Always concerned with the welfare and future of Philadelphia’s 750-member Jewish community, Gratz in 1835 “urged the Female Hebrew Benevolent Society to address ‘that most pressing need – the mental impoverishment of those who are rising to take their places among the thousands of Israel scattered throughout the families of the earth.’ Her solution was a Jewish educational program modeled on the Christian Sunday Schools which had successfully taught thousands of children all over the United States the fundamentals of reading and Christianity.
“In 1838, the Society resolved that ‘a Sunday school be established under the direction of the board, and teachers appointed among young ladies of the congregation.’ The school opened three weeks later, on Gratz’s fifty-seventh birthday, with sixty students enrolled. Gratz became the school’s superintendent and served for more than twenty-five years. The model spread quickly and Gratz advised women in Charleston, Savannah, and Baltimore on establishing similar schools in their own communities.”
In March 1840, Gratz, much to her dismay, received news that Charleston, South Carolina’s old Sephardic Jewish congregation had become Reform, bringing an organ into its new sanctuary and renouncing the ancient Jewish claim to Eretz Yisrael.
“An implacable foe of Reform, Gratz told her niece Miriam that Charleston’s Jews were ‘selling their birth-right for a mess of potage. Even the greatest enemies of the Jews never denied their claims on the country inherited from their fathers or doubted they would be restored to it.’
“From Gratz’s perspective, Charleston’s Jews rejected the meaning of Scripture and the special relationship between God and Israel that it described. She was flabbergasted that Jews would take such a position and could only express her thoughts by a series of rhetorical questions. ‘Where is the [truth] of prophecy? Whence the fulfillment of promises? What is the hope of Israel? Of what does the scattered people bear witness? Alas, we may weep for the spiritual destruction of Jerusalem when her own children are content to sing the songs of Zion in a strange land and deny the words of God so often repeated by the prophets.'” [iv]
“Rebecca Gratz died on August 27, 1869. She remained actively involved on the boards of the Philadelphia Orphan Society, Female Hebrew Benevolent Society, Hebrew Sunday School and Jewish Foster Home well into her eighties. Gratz’s enduring legacy can be measured by the success and longevity of the many institutions she founded. The Philadelphia Orphan Society and Female Association provided material sustenance to thousands of women and children. The Jewish Foster Home thrived until it eventually merged with other institutions to create the Philadelphia Association for Jewish Children. The Female Hebrew Benevolent Society and Hebrew Sunday School continued their work for almost 150 years.”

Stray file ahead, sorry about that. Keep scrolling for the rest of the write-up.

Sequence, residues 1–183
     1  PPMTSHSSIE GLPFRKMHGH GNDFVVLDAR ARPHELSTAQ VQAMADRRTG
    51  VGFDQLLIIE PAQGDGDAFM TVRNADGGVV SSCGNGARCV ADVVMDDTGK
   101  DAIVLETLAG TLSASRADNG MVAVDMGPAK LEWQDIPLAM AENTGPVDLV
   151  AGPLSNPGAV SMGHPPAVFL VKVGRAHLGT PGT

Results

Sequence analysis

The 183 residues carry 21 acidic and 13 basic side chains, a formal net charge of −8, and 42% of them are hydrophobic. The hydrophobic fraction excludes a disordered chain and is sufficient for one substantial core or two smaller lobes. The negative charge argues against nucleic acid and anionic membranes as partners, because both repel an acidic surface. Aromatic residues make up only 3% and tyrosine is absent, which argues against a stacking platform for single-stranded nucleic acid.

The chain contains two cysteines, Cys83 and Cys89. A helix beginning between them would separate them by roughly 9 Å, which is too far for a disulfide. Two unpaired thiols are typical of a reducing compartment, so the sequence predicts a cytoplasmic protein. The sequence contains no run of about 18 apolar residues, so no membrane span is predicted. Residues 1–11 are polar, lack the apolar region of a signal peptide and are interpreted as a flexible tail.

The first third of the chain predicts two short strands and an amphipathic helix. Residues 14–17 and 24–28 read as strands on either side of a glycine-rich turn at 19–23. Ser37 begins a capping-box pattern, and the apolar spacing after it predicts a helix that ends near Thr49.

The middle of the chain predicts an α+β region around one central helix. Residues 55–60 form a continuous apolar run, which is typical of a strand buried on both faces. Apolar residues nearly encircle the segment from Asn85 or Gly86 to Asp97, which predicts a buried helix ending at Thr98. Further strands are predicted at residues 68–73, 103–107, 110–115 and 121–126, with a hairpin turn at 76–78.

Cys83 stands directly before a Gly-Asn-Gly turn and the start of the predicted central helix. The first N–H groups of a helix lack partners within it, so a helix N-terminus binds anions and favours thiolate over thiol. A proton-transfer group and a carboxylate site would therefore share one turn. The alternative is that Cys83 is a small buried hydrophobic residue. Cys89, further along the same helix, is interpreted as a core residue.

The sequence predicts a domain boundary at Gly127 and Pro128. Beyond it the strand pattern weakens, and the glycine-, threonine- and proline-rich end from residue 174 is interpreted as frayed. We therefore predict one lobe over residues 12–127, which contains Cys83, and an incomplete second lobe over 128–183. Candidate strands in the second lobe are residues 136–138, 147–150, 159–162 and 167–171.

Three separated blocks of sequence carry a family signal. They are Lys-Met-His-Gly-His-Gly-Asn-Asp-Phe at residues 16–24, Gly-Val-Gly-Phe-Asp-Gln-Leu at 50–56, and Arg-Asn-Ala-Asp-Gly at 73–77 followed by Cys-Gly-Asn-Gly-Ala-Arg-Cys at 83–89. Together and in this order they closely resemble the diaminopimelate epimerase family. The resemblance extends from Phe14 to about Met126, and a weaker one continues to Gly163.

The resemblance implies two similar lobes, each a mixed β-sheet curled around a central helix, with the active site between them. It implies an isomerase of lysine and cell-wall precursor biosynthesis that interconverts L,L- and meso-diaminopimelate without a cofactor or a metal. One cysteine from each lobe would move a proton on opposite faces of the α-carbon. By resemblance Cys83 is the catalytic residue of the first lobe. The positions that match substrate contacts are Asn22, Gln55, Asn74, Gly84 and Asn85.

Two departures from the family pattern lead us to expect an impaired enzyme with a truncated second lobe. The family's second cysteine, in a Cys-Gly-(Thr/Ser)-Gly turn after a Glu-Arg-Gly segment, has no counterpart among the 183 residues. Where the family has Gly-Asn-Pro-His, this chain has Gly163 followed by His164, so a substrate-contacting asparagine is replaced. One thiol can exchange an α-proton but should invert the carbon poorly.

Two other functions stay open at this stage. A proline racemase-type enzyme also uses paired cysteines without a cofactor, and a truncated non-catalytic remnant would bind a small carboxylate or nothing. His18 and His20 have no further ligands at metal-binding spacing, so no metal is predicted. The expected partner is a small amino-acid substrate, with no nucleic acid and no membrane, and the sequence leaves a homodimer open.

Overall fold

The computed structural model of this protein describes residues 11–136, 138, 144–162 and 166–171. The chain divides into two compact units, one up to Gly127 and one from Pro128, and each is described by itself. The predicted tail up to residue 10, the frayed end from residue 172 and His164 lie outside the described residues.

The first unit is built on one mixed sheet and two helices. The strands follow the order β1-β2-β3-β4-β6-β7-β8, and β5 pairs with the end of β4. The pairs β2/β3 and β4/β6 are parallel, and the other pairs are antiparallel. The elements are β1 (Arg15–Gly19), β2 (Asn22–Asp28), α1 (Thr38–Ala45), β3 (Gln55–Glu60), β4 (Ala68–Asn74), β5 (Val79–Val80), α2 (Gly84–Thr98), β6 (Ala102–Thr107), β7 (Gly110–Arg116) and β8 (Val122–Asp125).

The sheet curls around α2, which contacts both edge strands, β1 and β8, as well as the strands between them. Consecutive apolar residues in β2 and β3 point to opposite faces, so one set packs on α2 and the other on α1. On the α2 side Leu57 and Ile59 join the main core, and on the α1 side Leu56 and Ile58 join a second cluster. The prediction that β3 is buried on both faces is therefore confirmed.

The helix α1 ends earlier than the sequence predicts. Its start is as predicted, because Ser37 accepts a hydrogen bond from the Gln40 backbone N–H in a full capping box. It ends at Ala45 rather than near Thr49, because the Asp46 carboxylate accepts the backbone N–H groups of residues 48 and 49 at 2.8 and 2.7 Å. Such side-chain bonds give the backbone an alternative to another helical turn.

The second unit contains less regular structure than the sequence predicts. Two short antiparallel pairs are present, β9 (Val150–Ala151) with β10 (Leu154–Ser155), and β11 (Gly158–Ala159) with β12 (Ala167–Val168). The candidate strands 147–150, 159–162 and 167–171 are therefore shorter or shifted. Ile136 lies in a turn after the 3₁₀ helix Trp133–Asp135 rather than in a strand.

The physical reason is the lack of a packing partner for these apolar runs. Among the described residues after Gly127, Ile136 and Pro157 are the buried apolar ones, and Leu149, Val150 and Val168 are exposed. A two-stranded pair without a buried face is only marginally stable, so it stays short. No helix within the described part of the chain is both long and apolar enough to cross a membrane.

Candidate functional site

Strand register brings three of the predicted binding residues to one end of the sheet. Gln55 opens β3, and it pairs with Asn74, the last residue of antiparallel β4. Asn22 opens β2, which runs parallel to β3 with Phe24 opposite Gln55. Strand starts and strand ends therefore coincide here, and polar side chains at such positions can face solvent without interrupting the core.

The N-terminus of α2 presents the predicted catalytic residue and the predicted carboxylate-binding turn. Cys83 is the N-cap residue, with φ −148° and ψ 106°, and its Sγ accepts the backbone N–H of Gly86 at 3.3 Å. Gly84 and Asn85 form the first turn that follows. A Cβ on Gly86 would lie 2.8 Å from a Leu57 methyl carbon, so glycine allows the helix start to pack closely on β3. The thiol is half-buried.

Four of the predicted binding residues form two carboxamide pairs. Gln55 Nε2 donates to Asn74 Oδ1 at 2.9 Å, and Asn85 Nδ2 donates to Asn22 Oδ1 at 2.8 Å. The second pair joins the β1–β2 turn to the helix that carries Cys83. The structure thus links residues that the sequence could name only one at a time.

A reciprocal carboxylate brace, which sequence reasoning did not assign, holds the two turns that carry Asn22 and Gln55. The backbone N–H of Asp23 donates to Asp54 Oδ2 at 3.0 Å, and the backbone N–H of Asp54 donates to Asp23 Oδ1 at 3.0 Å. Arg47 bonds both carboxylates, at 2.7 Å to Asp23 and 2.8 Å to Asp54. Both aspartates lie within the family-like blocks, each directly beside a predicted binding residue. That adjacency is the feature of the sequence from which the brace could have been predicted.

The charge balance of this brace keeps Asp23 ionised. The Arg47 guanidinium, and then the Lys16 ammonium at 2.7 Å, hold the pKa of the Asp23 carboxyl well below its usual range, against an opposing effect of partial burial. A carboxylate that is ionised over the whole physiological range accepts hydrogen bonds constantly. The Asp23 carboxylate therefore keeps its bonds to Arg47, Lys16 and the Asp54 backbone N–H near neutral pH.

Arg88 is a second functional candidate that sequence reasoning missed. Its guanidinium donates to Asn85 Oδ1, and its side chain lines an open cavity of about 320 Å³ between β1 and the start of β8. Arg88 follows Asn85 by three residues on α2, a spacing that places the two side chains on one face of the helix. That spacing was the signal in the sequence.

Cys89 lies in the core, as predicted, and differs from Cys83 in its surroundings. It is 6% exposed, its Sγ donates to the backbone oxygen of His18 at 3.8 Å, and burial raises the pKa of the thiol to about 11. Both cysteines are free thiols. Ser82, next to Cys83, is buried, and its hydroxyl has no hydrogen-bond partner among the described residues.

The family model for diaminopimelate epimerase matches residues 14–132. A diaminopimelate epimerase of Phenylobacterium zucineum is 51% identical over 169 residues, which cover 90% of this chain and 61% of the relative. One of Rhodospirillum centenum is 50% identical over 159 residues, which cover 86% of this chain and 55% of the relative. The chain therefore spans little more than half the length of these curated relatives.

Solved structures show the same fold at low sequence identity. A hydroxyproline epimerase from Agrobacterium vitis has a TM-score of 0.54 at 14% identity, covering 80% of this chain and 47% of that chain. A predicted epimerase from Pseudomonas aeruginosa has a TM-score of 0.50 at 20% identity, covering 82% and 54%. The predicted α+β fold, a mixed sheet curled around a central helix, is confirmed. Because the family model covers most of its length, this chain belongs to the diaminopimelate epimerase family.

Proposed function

The historian Dianne Ashton, whose work we’ve quoted throughout this article, summed up the legacy of Rebecca Gratz: “By training younger Jewish women in administering the agencies she founded, Gratz ensured that the FHBS, HSS and JFH would continue to flourish long after her death. In their work, these organizations continued to provide Jewish women and children a way to be both fully Jewish and fully American.”
[i]Rebecca Gratz, Women and Judaism in Antebellum America, Dianne Ashton, Wayne University Press, 1997, page 13.
[ii]Rebecca Gratz, Women and Judaism in Antebellum America, page 16.
[iii]Ibid, page 19.
[iv]Rebecca Gratz, Women and Judaism in Antebellum America, pages 178-179.
Dr. Yitzchok Levine, a frequent contributor to The Jewish Press, is a professor in the Department of Mathematical Sciences at Stevens Institute of Technology, Hoboken, New Jersey. Glimpses Into American Jewish History appears the first week of each month. Dr. Levine can be contacted at email@example.com.Dr. Yitzchok Levine
About the Author: Dr. Yitzchok Levine served as a professor in the Department of Mathematical Sciences at Stevens Institute of Technology, Hoboken, New Jersey before retiring in 2008. He now teaches as an adjunct at Stevens. Glimpses Into American Jewish History appears the first week of each month. Dr. Levine can be contacted at firstname.lastname@example.org.